Hydrostatic Pressure Conditions in PetraSim/TOUGH

This is the first in a series of posts discussing the initialization of a TOUGH model to represent realistic natural state conditions.  In almost all cases, it is beneficial to run a model to steady state before adding transient boundary conditions, injection or pumping wells, etc.  We’ll give a very simple example first, where we’ve used EOS3 to establish a hydrostatic pressure gradient in a single phase model.

We’ve created a simple three dimensional model with dimensions of 1000x1000x100 meters.  We use a rectangular grid with spacing of 100m x 100m x 10m in the x, y and z directions.  The top of the model is 900 meters below ground surface. We’ll assume that all of the material above the top of the model is saturated with fluid of a constant density, so the top boundary of the model will be at a hydrostatic pressure based on a water column that is 900 feet thick.

The equation to calculate hydrostatic pressure is:

P = gρh,


P = Hydrostatic Pressure (Pa)
g = Gravity (m/s2)
ρ = Density of Water (kg/m3)
h = height (m)

The hydrostatic pressure calculated at the center of the top layer of cells in the model (a depth of 905 meters below ground surface) is 8.97E6 Pa.  We’ve also estimated a temperature of 47.625 °C based on a geothermal gradient of 25 °C/km with a surface temperature of 25 °C.  The global initial conditions for this model look like this:

Hydrostatic Pressure Global Initial Conditions

Figure 1: Global Initial Conditions based on Pressure and Temperature at a saturated depth of 905 meters.

We’ve made the top cell layer in the model “Fixed State”. By setting the top layer to “Fixed State”, these cells will remain at the pressure and temperature conditions defined in the Initial Conditions Dialog. The cells below the top layer will be at a higher pressure which will be calculated by TOUGH. Since this water will compress, the top layer of cells will act as a source to supply the required water.

Hydrostatic Pressure "Fixed State" cells

Figure 2: The top layer of cells are set as “Fixed State” cells and colored in red. These cells will have a constant pressure and temperature equal to the global initial conditions throughout the simulation.

We set the end time of the model to 100K years with a maximum time step of 100 years. TOUGH does a transient calculation. By setting a long time, the transient will reach steady state.

Hydrostatic Pressure Solution Controls

Figure 3: Solution Controls accessible through the Analysis menu.

The model reaches steady state conditions after around 1400 years and the resulting pressure gradient looks like the figure below.  Note that the resulting minimum pressure in the model is equal to the pressure at the top of the model.  The model cells below the top cell layer have equilibrated to higher pressure values based on hydrostatic pressure.

Hydrostatic pressure final pressure iso-surfaces

Figure 4: Final pressure iso-surfaces show a linear pressure gradient.

To load this pressure gradient as initial conditions in a new model, follow these steps:

  1. On the File menu, click Save and save a new .sim file in a different directory.
  2. With the new .sim file open, on the File menu, click Load Initial Conditions and choose the SAVE file created by the original simulation (stored in the same directory as the original SIM file).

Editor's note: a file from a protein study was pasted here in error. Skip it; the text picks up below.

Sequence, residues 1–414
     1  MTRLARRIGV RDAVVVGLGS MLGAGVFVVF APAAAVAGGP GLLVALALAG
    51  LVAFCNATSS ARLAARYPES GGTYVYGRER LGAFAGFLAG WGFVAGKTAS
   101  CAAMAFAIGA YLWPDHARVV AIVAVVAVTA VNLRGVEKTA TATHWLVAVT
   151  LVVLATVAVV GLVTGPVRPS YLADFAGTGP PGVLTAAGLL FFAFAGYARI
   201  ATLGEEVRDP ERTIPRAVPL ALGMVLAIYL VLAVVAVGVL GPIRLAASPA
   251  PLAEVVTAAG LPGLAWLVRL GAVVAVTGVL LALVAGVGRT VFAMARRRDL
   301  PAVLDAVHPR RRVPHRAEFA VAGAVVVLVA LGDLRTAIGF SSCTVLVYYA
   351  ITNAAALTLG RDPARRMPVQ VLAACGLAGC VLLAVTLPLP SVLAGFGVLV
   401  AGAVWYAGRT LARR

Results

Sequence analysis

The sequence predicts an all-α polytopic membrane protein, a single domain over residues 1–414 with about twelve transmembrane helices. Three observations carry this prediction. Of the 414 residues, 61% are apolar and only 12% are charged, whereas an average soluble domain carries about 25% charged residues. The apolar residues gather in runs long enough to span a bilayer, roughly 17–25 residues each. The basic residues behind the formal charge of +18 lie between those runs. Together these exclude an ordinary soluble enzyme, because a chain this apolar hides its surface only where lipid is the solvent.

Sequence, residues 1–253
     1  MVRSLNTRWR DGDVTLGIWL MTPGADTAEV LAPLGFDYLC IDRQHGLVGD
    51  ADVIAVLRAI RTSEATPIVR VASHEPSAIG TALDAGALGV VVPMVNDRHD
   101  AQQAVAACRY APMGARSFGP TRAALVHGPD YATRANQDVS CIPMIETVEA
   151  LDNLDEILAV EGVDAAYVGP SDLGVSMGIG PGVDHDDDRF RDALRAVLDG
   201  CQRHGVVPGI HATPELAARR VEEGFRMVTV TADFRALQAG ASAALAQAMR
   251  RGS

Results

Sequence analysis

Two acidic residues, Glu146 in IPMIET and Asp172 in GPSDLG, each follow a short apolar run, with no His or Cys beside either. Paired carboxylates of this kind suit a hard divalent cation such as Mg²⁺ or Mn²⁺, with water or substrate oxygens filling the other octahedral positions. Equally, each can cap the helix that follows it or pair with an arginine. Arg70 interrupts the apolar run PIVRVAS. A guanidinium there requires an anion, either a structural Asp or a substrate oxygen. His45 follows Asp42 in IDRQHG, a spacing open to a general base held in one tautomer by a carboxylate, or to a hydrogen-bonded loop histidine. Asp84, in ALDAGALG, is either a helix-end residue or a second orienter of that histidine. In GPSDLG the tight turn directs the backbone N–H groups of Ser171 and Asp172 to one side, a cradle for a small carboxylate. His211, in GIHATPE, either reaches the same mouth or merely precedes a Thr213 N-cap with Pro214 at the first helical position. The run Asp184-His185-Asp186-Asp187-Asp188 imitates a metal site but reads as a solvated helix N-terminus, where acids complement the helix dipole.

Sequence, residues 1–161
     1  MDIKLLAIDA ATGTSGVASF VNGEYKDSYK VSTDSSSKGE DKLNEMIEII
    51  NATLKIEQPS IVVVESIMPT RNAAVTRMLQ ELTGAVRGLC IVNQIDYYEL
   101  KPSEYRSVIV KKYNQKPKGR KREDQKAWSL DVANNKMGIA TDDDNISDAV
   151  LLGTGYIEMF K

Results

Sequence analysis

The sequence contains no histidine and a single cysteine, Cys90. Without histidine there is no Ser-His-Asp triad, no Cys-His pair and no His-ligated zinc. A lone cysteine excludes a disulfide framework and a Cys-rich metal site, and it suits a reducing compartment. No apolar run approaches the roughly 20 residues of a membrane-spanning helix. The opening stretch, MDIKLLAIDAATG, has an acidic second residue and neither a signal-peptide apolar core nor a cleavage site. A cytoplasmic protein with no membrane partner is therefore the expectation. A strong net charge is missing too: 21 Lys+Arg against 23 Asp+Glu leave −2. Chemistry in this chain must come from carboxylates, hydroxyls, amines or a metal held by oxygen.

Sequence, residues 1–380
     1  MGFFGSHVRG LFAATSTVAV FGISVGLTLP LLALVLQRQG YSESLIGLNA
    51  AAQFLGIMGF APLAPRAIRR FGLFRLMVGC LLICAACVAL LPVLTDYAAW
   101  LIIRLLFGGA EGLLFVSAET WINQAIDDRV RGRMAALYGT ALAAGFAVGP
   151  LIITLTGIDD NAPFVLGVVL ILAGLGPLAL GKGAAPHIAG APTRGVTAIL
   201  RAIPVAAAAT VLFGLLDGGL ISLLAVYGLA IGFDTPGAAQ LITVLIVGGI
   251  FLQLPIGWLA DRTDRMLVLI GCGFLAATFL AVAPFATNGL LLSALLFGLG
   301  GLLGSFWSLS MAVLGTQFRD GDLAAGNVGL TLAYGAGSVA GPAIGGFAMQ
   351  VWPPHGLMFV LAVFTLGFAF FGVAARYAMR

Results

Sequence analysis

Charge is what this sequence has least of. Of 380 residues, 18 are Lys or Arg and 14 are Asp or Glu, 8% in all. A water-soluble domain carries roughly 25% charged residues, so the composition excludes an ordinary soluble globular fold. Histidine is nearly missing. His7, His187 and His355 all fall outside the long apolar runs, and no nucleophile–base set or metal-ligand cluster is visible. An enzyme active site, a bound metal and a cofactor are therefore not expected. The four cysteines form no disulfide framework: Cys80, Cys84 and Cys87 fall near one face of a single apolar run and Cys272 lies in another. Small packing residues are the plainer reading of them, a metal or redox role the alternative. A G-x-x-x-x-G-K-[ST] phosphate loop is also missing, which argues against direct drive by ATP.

Send comments or suggestions on this post to Alison Alcott at RockWare.

Download the PetraSim input files here:

Tips for Creating Contour Maps of Sparse Groundwater Elevation Data

Contouring sparse data in any mapping program can be challenging.  We’ve found a few tools in the RockWorks15 to be particularly helpful when creating contour maps of sparse groundwater elevation data.

First, let’s take a look at a contour map created using the EZ-Map tool in the RockWorks Utilities.

The EZ-Map tool uses simple triangulation to create contours.  For some data sets, this may be all you need to create a reasonable looking map.  However, it will often be necessary to create grid-based maps with smoother contour lines that extend to the edge of the project.  Note the increase in the groundwater elevation on the eastern edge of the map.  This is something that can be resolved by switching to a grid-based map.  We’ll explore grid-based mapping tools next.

Here is a map created using the default Inverse Distance Weighting settings.  I should note that I had both the “Smoothing” and “High-Fidelity” options turned on during grid creation.

The “bull’s eyes” that you see around the high and low points in the map are typical of the Inverse Distance interpolation method.  One way to resolve this is to decrease the number of points used during interpolation.

To do this, change the Number of Points used for the Inverse Distance Algorithm from 8 (the default setting) to 4 (which is more appropriate for a data set of this size).

Here is a map created with the modified “Number of Points” value:

The bull’s eye effect has been muted somewhat, but notice that the contours don’t honor the data extremely well.  Let’s move on to Kriging.

In the map below, I let the RockWorks program choose the appropriate variogram settings.  With Kriging especially, which can create fairly blocky models, I highly recommend that you turn on both the grid “Smoothing” and “High-Fidelity” options when
creating a contour map. 

This may be a little bit more to your liking, but the general groundwater flow direction could still be better represented along the borders of the map.  Just to cover all of our